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Strategy: Securing Mobile Data

Do you have a security policy governing data access via mobile devices? Unless things have improved considerably since we asked readers this question last summer, it's even odds you don't. The problem is, employees are using smartphones in their jobs, whether the security team is on board or not. In a July InformationWeek survey, 82% of smartphone owners said they use their devices to read business e-mail, 80% surfed corporate Web sites, and 61% accessed enterprise data.

And don't look to business managers to stifle this trend: 74% of users said they foot their own cellular bills, and 65% paid for the devices out of their own pockets. More productivity at little or no cost to the business. So what's not to like?

InformationWeek Reports

Plenty, actually. Mobilizing employees increases productivity, but the security risk is dramatically heightened without IT involvement. Yet just 31% of readers said corporate IT supports smartphones and PDAs. We understand the logic: When the enterprise doesn't own the devices, it can't regulate what users buy. Supporting a mishmash of systems is a nightmare. That's why for years we've advised readers to stay ahead of this trend. Those who didn't now find themselves in an untenable position. While the enterprise might not own the physical assets, it does own the data that end users are storing on them. As soon as corporate information lands on a smartphone, it becomes a business asset that needs to be secured.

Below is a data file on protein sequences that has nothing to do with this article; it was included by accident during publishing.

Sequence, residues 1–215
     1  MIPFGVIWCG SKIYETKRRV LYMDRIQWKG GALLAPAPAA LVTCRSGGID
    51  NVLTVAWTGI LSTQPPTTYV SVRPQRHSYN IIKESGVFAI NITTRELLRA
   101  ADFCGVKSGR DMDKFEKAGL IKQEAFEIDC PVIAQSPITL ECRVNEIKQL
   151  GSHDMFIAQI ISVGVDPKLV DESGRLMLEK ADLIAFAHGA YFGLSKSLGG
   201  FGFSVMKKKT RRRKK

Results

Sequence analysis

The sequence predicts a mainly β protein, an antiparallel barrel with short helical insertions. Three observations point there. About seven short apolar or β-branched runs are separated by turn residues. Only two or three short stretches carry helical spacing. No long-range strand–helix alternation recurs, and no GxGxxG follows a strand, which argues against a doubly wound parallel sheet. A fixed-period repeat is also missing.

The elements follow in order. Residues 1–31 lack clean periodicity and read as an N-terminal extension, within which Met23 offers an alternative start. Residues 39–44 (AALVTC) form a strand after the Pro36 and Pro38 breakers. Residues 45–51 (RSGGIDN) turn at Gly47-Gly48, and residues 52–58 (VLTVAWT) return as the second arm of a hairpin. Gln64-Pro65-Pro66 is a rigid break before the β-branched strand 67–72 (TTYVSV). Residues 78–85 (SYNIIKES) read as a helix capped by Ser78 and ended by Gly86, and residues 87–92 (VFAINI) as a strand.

chart: Are you currently using mobile apps over a wireless network to access company data?

CIOs have two options: Freeze out mobile devices by preventing installation of synchronization programs like ActiveSync, disallowing access to corporate servers from mobile devices, or lock down USB ports on corporate PCs. Of course, employees will waste time trying to circumvent these roadblocks. A better route is to put the correct mix of policies and technological enforcement in place to keep your data safe while realizing the benefits of mobility.


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